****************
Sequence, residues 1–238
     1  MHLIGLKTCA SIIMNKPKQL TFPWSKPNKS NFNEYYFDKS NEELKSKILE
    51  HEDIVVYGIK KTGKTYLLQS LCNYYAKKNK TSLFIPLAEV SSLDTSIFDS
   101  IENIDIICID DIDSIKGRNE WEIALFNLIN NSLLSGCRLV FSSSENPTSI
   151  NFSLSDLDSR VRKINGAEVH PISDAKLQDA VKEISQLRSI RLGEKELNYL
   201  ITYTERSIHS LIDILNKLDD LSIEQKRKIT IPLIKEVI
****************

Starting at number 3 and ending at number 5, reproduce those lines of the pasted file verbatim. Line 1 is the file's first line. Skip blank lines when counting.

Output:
    51  HEDIVVYGIK KTGKTYLLQS LCNYYAKKNK TSLFIPLAEV SSLDTSIFDS
   101  IENIDIICID DIDSIKGRNE WEIALFNLIN NSLLSGCRLV FSSSENPTSI
   151  NFSLSDLDSR VRKINGAEVH PISDAKLQDA VKEISQLRSI RLGEKELNYL